My first breakfast in Sicily, that’s espresso and almond milk granita eaten al fresco with a plate of fresh brioche buns.
Yo, I lived la dolce vita for exactly five days. Everyone kept asking why I was only there for such a short time. I DON’T KNOW?! Reality is cruel. In an alternate universe, if Americans had off all of August, I’d have stayed longer. Sicily is spectacular.
I flew from Dublin into Catania – there’s a direct flight! – and explored the city of Catania in the morning with my friend Lisa and her uncle Aldo before we drove to meet her aunt Mira at their beach house in Sampieri. I couldn’t get over Catania’s fresh produce at the market.
Post granita, we drove down to Sampieri. I had no idea where this was, and it’s basically this tiny beach town in the very southern spot of Sicily, across from Malta and Tunisia. It already sounds awesome, right? I thought so too. And then I arrived and saw THE VIEW of the Mediterranean. Their adorable cat. The hibiscus flowers. I was like, whoooooaaaaaa, sensory overload. This is all too cool.
Mira and Aldo’s house is also very artsy and I was essentially obsessed with everything, down to their hand-made raku ceramic towel-rod holders in the bathrooms and the mosaics on their walls.
Lisa and I slept here!
Shortly after arriving Mira, Lisa, and I went the beach AND to the market (love a double market day). I laughed at the pasta aisle at the grocery store: SO MUCH PASTA.
The next few days had a similar routine: wake up, read a little outside, drink espresso, maybe grab a granita, go to the beach.
Head home – 1:30ish – for a big lunch. (I’ve never eaten so well for lunches in my life.)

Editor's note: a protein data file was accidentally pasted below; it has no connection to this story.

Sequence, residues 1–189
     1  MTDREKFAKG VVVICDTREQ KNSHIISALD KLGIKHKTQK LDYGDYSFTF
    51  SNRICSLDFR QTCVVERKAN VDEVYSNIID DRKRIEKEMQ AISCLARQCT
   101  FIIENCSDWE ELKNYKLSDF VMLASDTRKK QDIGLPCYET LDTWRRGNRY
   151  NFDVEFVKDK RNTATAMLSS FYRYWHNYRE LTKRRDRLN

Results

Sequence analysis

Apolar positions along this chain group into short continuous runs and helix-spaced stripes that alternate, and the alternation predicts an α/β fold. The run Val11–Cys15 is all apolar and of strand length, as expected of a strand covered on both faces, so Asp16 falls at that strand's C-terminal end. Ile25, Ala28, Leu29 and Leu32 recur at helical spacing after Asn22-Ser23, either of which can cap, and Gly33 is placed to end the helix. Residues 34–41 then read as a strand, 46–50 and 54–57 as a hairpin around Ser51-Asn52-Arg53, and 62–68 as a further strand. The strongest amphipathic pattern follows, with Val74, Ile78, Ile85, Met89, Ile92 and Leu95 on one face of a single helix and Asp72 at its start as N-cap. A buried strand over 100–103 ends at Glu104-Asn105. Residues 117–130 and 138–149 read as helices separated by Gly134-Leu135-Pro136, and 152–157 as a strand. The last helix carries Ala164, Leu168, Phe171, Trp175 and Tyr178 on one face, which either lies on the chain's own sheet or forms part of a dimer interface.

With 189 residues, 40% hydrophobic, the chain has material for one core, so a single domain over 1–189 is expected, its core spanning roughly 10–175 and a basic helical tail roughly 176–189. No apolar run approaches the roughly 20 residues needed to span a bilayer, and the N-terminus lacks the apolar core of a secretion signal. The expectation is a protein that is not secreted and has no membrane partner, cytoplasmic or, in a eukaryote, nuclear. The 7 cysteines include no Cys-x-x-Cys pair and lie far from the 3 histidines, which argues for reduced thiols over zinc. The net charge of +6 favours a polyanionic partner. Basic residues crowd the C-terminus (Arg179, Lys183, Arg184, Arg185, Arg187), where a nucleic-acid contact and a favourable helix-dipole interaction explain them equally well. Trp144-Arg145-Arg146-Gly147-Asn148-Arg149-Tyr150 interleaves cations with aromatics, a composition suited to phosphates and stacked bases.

Then we’d relax and go on an afternoon excursions, gorgeous old cities like Scicli or Modica or places with ancient Roman ruins. I MEAN…and I’d usually eat gelato somewhere in there everyday. One afternoon, we also saw a proposal on the steps of a beautiful church. He had set up a little table on the steps outside, complete with flowers and wine. It was soooooo romantic.
*Lisa and I look so weird and creepy here – we are literally posing in a tomb that Aldo thought would make for a neat photo opportunity.
Then we’d have a late dinner and drink bitters with their friends – usually Sergio, who was absolutely hilarious, would stop by. Lisa would laugh because I was NOT used to staying up so late. I needed a few more days to get on the night owl routine! I think this explains why I have no dinner food photos? At all. And the dinners….oh the dinners. The creamy ricotta, salty olives, sweet tomatoes, pastas, grilled vegetables, and wine. The wine was homemade, as was the olive oil, so I’d pretty much drink wine at every meal and drizzle everything in this delectable oil which Aldo had in a barrel in the dining room.
On Sunday we went to the festival of St. Sebastiano, or what Lisa dubbed as the Naked Baby Festival. He’s the patron saint of Palazzolo Acreide. I can’t even describe this properly, and I could look up the actual religious description (but I don’t feel like it, or care to). It’s more fun to tell you how crazy it was as a bystander who knew nothing of what was going on – the church pretty much exploded with confetti for a full ten minutes and then people handed guys standing on a Jesus statue their naked babies to hold up in the air. Afterwards, we all went out for pasta and wine.
On my last night, there was a super moon. My camera couldn’t capture it’s amazingness – okay, lunar photography just continues to elude my photography skills even after I spent a good amount of time dragging tables and boxes and rocks out on the patio for height/camera stability and playing with a variety of ISO/aperture/shutter speeds – but I think you get the gist of its loveliness. Much like my blogging can’t really capture all the loveliness of Sicily.
Lisa’s aunt and uncle were the most incredible, sweetest, coolest hosts ever. It made me want to learn Italian and go back again and maybe never leave. I think Lisa’s onto something here!